Wednesday 1 May 2019

The Passing Tribute by Simon Marshall @LongDrawnAisle BLOG TOUR @Unbound_Digital #ThePassingTribute #RandomThingsTours

In the tumultuous aftermath of the First World War the Wilson brothers head in opposite directions: Richard, interned in Austria throughout the conflict, returns to England; Edward, a junior officer, is dispatched from Italy to Vienna as part of the British Army s relief mission.
For Edward, it will be a return to the city and to love. But it will not be the same city: Vienna is no longer the administrative heart of an Empire, merely a provincial capital ravaged by starvation, and paralysed by the winter snows. Will it be the same love? 
In London, Richard is employed in the ministerial heart of government, and soon dazzled by the Under Secretary s vision for a new, federal Europe. But for the new to exist the old must be replaced; and the Habsburg Emperor, on his estate near the Czech border, revolution all around, refuses to go. One man is sent to make sure that he does. 
With the brothers estranged by distance and time, their lives become unknowingly entwined in a shadowy plot and it seems the end of the war is only the beginning of their struggle.

The Passing Tribute by Simon Marshall was published by Unbound on 7 March 2019. As part of the #RandomThingsTours Blog Tour, I'm delighted to share an extract from the book with you today.

"Dumped on the box, the man slumped like a rag doll. On the crown of his head a patch of raw skin was reddened in the firelight through the strands of his matted brown hair. Yorston, casting a proprietorial glance at the box, bent down and hissed in his ear, ‘That fire be thanks ter me, that a be. Don’t yer be a-forgetting that, chum.’

Dawson returned with a small flask of grappa and passed it to Collins. A measure was poured into a canteen and held out.

‘There yer go,’ said Collins.

The man looked at the canteen, then up at Collins. In his hollowed face his pale eyes seemed massive like a bullfrog’s either side of a sharp, flinty nose, his pinched lips being framed by a pair of protruding, blackened ears. He reached out for the canteen with his trembling fingers and drew it slowly to his lips. His swollen eyes hopped about the assemblage with a sort of fearful, watchful calculation.

‘Not poison ya know, mate.’

‘Best if it were if yer ask me.’

He sipped the grappa, took another suspicious glance, and swiftly drained the remainder. He held the canteen greedily back out to Collins, an expression of demand in his face. It was what Collins hated most about the Germans – and to him they were all Germans, wherever they came from. No matter whether they were given a canteen of grappa or had a bayonet stuck in their gut, their haughty look was always the same. It made him want to twist and twist the bayonet until it bored right through them to the earth. He grabbed the canteen and returned a brow-beating stare as he poured a second measure.

‘One more for yer, Jerry. Then that’s yer bloody lot.’

The man stared at Collins like some dumb, defiant fiend. The canteen released to his charge, he emptied it, then spat the dribbled afters at Collins’ feet.

‘Bloody pigs.’

‘Fuckin’ waste is what that is.’

‘Bet yer he snuffs it ’fore ’e gets even ’alfway down.’

‘If he ain’t napooed before the fuckin’ ’alfway.’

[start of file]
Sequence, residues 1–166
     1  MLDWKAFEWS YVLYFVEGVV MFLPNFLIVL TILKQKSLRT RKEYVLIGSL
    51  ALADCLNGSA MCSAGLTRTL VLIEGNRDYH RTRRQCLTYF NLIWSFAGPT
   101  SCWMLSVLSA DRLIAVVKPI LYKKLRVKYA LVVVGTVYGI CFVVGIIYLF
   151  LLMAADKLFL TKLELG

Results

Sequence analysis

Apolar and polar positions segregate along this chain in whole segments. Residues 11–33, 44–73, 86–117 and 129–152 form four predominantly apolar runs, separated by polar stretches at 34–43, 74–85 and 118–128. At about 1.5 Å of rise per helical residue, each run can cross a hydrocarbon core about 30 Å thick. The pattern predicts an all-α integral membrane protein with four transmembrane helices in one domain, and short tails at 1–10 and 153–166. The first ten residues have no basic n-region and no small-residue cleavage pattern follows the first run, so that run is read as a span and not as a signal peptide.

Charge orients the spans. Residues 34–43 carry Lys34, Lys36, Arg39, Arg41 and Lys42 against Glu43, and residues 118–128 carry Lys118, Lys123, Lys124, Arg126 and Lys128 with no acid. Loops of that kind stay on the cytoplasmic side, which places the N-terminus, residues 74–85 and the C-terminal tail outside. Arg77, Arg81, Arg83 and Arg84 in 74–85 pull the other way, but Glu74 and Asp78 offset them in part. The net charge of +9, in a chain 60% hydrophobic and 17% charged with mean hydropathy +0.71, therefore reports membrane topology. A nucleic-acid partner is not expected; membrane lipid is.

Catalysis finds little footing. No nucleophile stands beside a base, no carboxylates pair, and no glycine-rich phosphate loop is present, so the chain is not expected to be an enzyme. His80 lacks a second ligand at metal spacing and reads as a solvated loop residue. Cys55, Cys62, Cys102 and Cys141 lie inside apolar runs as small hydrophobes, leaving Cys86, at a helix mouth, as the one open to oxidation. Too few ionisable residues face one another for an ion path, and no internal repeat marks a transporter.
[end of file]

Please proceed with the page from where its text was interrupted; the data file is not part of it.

Collins grabbed the canteen back, but said nothing.

The restorative effects of the grappa were not long to take hold. The Passing Tribute 26 But the man’s blood, too quickly warmed by the heat of the fire, meant he soon felt his exposure: he began to shiver uncontrollably. His face taut, he clenched his teeth in a struggle to master his body. When he had finally done so a smile of triumph flashed on his lips. His eyes whitening, as if infected by some powerful toxin, they feverishly flitted between Edward and the shadows under the arches. He then launched into a furious tirade of incomprehensible speech.
‘Jesus. Tin op’ner – I told yer.’

‘Bitten by the bloody barn mouse.’

‘Told yer that were too much peg fer ’im.’

‘What’s he saying?’ Vivier asked Edward.

‘I’ve no idea.’ ‘Oh, ok. Is it not German?’

‘Yes… no.’ Edward made a negative gesture. His German was fit for paper and pleasantries, not that. ‘It’s not the same,’ he explained.

‘It’s dialect,’ said Gardiner, stepping forward, out of the shadows. The Alpini officer advanced alongside him. ‘He’s from here – the mountains.’

The man’s arms suddenly sprang out from his sides. He ripped the frayed twine that fastened the buttonholes of his coat and threw it wide open. Collins snatched at the air for his rifle. Edward grabbed at his pistol. The man rummaged in the pocket of his shabby officer’s tunic, found what he sought, and flung it at Edward; the object landed by his boots. For a split second Edward thought the enamel glint might be one of the man’s rotten teeth. He picked it up and displayed it in his open palm. Attached to a red-and-white ribbon was a dirty Maltese cross. As he tried to decipher the inscription, Vivier leaned over to help."

Simon Marshall is a writer, born and raised in London. He studied modern history at UCL and received an MA from King's College London. His research has led to an ongoing fascination with the politics of empire and the causes of both world wars, which has informed his novels to date.
He is a Real Tennis Professional and has lived and worked in France for much of the last decade. He is thinking of be becoming Anglo-Saxon again.
The Passing Tribute is his second novel. It is the sequel to The Long Drawn Aisle.

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